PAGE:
Well, for one thing, you could devote a few hard-hitting columns explaining its illegalities, which would have the added effect of explaining why Feingold's measure is not bad "political theater," but the right thing to do.


Posted by: jayarbee on March 20, 2006 at 2:36 PM | PERMALINK

Smilin' Billy Kristol -- who seems to know a little more about successful political tactics than Drum and Yglesias combined -- hinted on one of the Sunday gasfests that Feingold's censure measure can be a classic "framing" tactic: Introducing it and talking it up makes it familiar, hence non-"radical". Since it was only months ago that "framing" was supposed to be the key to Democratic victory, it's revealing that the ball's been dropped at the very moment it appeared.

But I'm sure that schooling people in the precise nuances of FISA courts and the NSA will draw hordes of voters out on election day. Because everyone agrees that the schoolmarm-ish demeanor of the stereotypical Democrat is their most appealing trait.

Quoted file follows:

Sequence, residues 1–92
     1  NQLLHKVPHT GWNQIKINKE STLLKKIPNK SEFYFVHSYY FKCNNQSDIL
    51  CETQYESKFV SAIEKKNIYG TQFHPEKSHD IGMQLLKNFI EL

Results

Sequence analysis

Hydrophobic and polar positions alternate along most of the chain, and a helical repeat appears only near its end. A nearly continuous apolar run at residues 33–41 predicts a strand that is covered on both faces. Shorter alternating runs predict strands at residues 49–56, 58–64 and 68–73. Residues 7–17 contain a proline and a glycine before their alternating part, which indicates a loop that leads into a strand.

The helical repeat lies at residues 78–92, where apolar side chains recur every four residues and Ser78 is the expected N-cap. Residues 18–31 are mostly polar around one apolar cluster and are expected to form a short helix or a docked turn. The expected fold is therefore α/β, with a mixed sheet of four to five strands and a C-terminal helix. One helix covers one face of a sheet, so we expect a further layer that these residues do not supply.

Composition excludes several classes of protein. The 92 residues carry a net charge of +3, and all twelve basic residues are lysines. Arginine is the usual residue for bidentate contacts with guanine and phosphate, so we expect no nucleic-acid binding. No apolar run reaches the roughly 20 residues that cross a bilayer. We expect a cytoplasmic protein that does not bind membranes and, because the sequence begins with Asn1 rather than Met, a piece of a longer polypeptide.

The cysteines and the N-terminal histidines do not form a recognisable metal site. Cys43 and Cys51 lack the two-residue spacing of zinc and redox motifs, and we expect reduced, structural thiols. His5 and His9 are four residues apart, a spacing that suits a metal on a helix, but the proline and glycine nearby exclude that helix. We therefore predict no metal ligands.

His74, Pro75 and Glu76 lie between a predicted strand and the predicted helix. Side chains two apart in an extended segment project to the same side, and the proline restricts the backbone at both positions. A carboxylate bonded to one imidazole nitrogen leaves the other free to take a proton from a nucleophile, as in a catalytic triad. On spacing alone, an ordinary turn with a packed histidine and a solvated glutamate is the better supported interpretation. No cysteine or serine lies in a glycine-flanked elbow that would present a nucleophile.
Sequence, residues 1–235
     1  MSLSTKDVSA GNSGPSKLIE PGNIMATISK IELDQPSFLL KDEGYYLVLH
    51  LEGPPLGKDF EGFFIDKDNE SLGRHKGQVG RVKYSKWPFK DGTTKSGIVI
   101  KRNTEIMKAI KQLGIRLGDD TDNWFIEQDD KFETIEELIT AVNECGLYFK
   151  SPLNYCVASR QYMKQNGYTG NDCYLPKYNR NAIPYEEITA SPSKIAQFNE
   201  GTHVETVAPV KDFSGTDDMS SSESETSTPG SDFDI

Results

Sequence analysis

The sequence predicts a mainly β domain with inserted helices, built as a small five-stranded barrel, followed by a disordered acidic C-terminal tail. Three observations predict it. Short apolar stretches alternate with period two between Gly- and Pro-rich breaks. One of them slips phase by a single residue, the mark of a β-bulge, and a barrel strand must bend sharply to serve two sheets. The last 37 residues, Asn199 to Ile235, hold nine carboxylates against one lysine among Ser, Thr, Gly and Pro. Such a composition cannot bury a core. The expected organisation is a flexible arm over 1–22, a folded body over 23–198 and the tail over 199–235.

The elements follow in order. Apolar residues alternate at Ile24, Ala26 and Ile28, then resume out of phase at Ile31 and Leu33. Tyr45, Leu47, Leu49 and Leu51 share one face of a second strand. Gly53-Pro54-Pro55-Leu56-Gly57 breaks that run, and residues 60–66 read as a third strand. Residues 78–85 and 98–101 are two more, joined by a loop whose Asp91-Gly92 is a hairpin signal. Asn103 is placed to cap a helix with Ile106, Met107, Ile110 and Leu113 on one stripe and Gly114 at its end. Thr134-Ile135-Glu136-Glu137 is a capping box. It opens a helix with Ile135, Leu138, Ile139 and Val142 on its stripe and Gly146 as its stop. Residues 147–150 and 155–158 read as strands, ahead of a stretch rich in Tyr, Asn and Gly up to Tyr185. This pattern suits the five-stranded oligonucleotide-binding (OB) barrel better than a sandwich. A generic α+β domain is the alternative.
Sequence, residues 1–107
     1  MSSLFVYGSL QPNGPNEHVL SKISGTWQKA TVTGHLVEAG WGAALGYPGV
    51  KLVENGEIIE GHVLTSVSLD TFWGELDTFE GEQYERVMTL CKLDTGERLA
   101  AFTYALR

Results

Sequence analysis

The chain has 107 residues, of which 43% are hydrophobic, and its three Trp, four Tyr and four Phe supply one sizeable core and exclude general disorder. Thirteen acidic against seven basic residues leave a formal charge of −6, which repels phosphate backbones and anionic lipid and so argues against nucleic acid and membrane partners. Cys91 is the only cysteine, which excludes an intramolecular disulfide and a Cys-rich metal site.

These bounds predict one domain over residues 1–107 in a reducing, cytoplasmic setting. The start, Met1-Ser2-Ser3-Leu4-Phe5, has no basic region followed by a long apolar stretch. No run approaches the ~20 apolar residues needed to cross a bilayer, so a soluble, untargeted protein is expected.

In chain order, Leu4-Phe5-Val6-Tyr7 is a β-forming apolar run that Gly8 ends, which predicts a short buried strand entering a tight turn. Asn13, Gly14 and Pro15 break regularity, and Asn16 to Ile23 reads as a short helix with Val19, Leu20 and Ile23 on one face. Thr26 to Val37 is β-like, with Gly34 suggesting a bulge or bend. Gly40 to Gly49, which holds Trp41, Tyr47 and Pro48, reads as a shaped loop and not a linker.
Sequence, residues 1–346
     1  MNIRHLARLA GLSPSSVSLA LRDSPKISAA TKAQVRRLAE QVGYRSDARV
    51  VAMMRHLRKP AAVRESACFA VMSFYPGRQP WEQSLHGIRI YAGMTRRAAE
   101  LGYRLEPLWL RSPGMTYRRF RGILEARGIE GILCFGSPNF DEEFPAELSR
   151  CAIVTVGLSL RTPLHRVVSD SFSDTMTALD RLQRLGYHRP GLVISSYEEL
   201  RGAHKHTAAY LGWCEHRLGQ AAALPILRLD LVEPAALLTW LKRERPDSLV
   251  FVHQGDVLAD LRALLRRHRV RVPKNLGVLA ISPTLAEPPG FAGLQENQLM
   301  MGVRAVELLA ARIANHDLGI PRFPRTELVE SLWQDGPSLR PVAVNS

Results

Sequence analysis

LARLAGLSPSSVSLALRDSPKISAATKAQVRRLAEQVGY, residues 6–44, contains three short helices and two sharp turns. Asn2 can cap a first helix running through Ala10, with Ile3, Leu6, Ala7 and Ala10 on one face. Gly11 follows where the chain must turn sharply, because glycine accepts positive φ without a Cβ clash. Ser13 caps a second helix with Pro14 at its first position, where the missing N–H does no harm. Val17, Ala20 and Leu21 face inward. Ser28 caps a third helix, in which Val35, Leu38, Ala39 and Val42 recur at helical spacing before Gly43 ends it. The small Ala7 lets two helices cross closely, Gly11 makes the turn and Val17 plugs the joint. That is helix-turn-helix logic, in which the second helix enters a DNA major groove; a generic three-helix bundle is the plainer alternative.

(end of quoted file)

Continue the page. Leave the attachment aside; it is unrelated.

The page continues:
Sheesh.

Posted by: sglover on March 20, 2006 at 2:37 PM | PERMALINK

btw I do know how to spell bandwidth - Doh!!

Posted by: Keith G on March 20, 2006 at 2:38 PM | PERMALINK

The public WANTS the FBI to monitor phone calls to or from Al Queda.

This is an argument the Dems will lose every time.

Are Dems really this clueless??

Posted by: FrequencyKenneth on March 20, 2006 at 2:38 PM | PERMALINK

Perhaps Kevin is right and it is a dead-end motion that is distracting us other important issues since now even George Will says the war isn't winnable. Am I wrong in thinking this is big news? He's not nearly as bats**t as Wm. F. Buckley